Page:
The TurboExpress (Japanese: PCエンジンGTPīshīenjinjītīPC Engine GT) is a handheld console made by NEC in 1990. It is essentially a portable TurboGrafx-16, capable of playing all of the console's standard TurboChip games. NEC had hoped to compete with Nintendo's Game Boy with this handheld.
Its launch price in the U.S. was $249.99 and was briefly raised to $299.99, but it soon dropped back to $249.99. This was extremely high for a portable gaming system at the time and earned it the nickname of "the Rolls-Royce of handheld gaming."
Its launch price in Japan was 44,800 yen; it did not sell well in Japan either.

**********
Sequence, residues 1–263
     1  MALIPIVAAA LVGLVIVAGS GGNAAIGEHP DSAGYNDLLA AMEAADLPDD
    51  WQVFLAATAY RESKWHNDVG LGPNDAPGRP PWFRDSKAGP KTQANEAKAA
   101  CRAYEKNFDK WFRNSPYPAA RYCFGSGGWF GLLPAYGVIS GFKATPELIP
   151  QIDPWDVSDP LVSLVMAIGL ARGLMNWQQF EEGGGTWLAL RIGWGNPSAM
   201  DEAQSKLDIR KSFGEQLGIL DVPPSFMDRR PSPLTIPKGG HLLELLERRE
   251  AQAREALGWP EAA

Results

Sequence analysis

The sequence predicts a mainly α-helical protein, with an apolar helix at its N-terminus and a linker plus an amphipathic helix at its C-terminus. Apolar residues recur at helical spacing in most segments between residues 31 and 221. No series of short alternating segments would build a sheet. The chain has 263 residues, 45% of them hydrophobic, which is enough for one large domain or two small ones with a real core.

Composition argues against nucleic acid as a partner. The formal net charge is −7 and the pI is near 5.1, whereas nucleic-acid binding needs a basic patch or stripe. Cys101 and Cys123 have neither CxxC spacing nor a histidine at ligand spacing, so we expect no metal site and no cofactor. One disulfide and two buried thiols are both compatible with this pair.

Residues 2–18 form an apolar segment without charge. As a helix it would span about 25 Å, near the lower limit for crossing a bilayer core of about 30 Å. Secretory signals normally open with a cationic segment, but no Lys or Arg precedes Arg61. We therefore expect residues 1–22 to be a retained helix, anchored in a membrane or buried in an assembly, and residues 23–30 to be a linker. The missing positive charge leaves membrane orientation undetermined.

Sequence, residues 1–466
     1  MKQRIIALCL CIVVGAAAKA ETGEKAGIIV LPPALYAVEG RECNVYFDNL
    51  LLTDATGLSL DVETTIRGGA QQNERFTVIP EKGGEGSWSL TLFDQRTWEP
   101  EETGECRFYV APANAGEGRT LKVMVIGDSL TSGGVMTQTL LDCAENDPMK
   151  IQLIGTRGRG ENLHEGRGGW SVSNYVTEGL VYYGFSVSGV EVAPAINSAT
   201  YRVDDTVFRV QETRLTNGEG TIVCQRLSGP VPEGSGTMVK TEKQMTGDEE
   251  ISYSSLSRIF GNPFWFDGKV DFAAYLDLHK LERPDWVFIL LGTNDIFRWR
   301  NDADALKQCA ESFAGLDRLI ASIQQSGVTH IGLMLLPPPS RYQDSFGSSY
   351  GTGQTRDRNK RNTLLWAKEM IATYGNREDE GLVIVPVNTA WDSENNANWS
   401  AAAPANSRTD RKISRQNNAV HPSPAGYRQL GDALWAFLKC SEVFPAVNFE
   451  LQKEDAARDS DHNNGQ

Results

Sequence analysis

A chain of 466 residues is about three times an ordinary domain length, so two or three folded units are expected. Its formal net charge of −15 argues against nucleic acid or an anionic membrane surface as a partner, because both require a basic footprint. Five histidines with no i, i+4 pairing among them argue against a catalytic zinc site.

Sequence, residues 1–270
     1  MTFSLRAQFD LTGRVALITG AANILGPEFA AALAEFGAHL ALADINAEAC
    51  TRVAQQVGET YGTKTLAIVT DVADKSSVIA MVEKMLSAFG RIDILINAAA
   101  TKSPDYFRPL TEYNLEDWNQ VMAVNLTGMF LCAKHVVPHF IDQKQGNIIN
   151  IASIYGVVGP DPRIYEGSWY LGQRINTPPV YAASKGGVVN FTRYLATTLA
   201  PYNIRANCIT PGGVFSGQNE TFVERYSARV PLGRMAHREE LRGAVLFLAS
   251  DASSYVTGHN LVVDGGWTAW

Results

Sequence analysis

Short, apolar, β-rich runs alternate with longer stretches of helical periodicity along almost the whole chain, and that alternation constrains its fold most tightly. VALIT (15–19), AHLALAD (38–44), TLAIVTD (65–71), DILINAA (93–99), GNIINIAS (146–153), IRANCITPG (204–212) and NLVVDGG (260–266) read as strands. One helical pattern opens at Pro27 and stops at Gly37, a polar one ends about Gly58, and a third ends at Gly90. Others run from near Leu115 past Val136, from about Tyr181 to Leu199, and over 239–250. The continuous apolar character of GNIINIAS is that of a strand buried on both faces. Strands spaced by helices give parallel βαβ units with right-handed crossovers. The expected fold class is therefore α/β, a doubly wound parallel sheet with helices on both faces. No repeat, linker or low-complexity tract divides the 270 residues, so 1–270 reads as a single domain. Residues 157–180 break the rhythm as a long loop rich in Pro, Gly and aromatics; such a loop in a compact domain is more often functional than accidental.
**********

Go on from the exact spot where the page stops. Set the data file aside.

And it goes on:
It was even more expensive than the standard TurboGrafx-16 console.
The console was very large and bulky, making it awkward to handle and while the screen was in color, it was the same size as the Game Boy's.
Poor battery life, at just 3 hours with new batteries. You can, of course use Ni-MH batteries, such as Eneloops.
Some games can't save or load the player's progress on the system.
There were technical problems with sound and the LCD graphics at the time of release.
It was the first ever 16-bit portable game console, meaning it was way ahead of the Game Boy Color.
There is another, Japan-exclusive handheld model of the TurboGrafx-16, the PC Engine LT, which had a "clam shell" form factor like a laptop or the Game Boy Advance SP. Unlike the TurboExpress, however, the PC Engine LT doesn't run off batteries and instead runs off an external power source.